Articles and Case Studies

Communicating With Your Boss

05 Jun 2014

by Dr Paul Nisselle

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If you had to choose, what do you think would be more important to get a good reference from your supervisors and improve your chance of getting a good job next year?

a)     Your clinical competence?
b)     Your communication competence?

As a junior doctor, you’re expected only to have the clinical competence reasonably expected of someone at your level of experience. You’re allowed not to know everything and not to be able to do everything. But you must be honest and acknowledge what you don’t know and can’t do.

The correct answer to the question above is “b” – you will be expected to have a high level of communication competence, which boils down to:

  • thoughtful consideration of what the person you are communicating with needs to know (at that time
  • being concise, precise and clear.

Hence, your communication competence will be measured by:

  • the quality, accuracy, legibility and completeness of the notes you write
  • your ability to ring a supervisor at 3:00am and, in less than 30 seconds, explain the reason for your call and what you want from them
  • your ability to communicate accurately and empathically with the medical, nursing and other staff you work with.

Notes need to be detailed, but a phone conversation should only include the information the supervisor needs in order to make the decision or action you want at that time from them. For example: I’ve got a rapidly deteriorating 68-year-old leaking AAA in Emergency and I need you to come in. On hearing that opening sentence, it’s up to the supervisor to decide how much further information they need then and there before they leap into their car.

Inexperienced juniors load in detail which is fine in the notes, but not relevant as the answer to the question: “Why are you ringing me?”

Tell your supervisor the reason for your call in very few words:

  • What’s the problem?
  • What do you want them to do?

A very useful aphorism to remember in acute situations is: “Don’t just do something, stand there!” By that I mean give yourself a little time to think – not much, if it’s urgent – but enough to order your thoughts and think through what you’re going to say.

Whether on a ward round or over the phone, your supervisors will be impressed if you don’t need to be told twice to do something, but are also not afraid to say, “I’m not sure I got that correctly, would you mind repeating that?” You might get your ear chewed off if the supervisor is tired or running late (or both), but on reflection they will be impressed that, even to your possible detriment, you wanted to make sure you got it right in the interest of patient safety.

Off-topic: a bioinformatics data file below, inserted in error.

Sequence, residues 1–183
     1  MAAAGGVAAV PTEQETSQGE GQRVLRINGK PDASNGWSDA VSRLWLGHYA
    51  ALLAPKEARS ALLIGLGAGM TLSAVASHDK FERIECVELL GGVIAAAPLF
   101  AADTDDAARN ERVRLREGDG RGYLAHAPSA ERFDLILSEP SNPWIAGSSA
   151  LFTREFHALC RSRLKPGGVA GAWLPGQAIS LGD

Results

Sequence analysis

Many hospitals have adopted “SBAR” as a communication template – the acronym stands for:

  • Situation
  • Background
  • Assessment
  • Recommendation

A skeletal version of SBAR can be used in a 3:00am phone call. But a complete version, e.g. one used on a ward round or for an end-of-shift handover, will still convey all the necessary information succinctly.

Hopefully most registrars or consultants nowadays, when giving you an order, will use “tell back”, i.e. ask you to repeat back to them the orders they’ve just given you in order to check that what they “transmitted” has been “received” accurately. If they don’t, do what most pizza shops and Chinese restaurants do with phone orders – initiate the “tell back” yourself.

For example: So that is… send blood for typing and cross typing, get four units cross-matched, put in a nasogastric tube and a central line, give plasma until the blood is available, then run in two pints over two hours, book a theatre for about 8:00pm, check we’ve got an Anaesthetist and tell the relatives what’s happening.

Here’s a simple test.
Think to yourself – “When (not if) I get to be a boss, how will I want my juniors to communicate with me?” – and do it now.

Dr Paul Nisselle AM
Consultant and VIC PMLC Member
MDA National

 

Communication with Colleagues, Anaesthesia, Dermatology, Emergency Medicine, General Practice, Intensive Care Medicine, Obstetrics and Gynaecology, Ophthalmology, Pathology, Practice Manager Or Owner, Psychiatry, Radiology, Surgery
 

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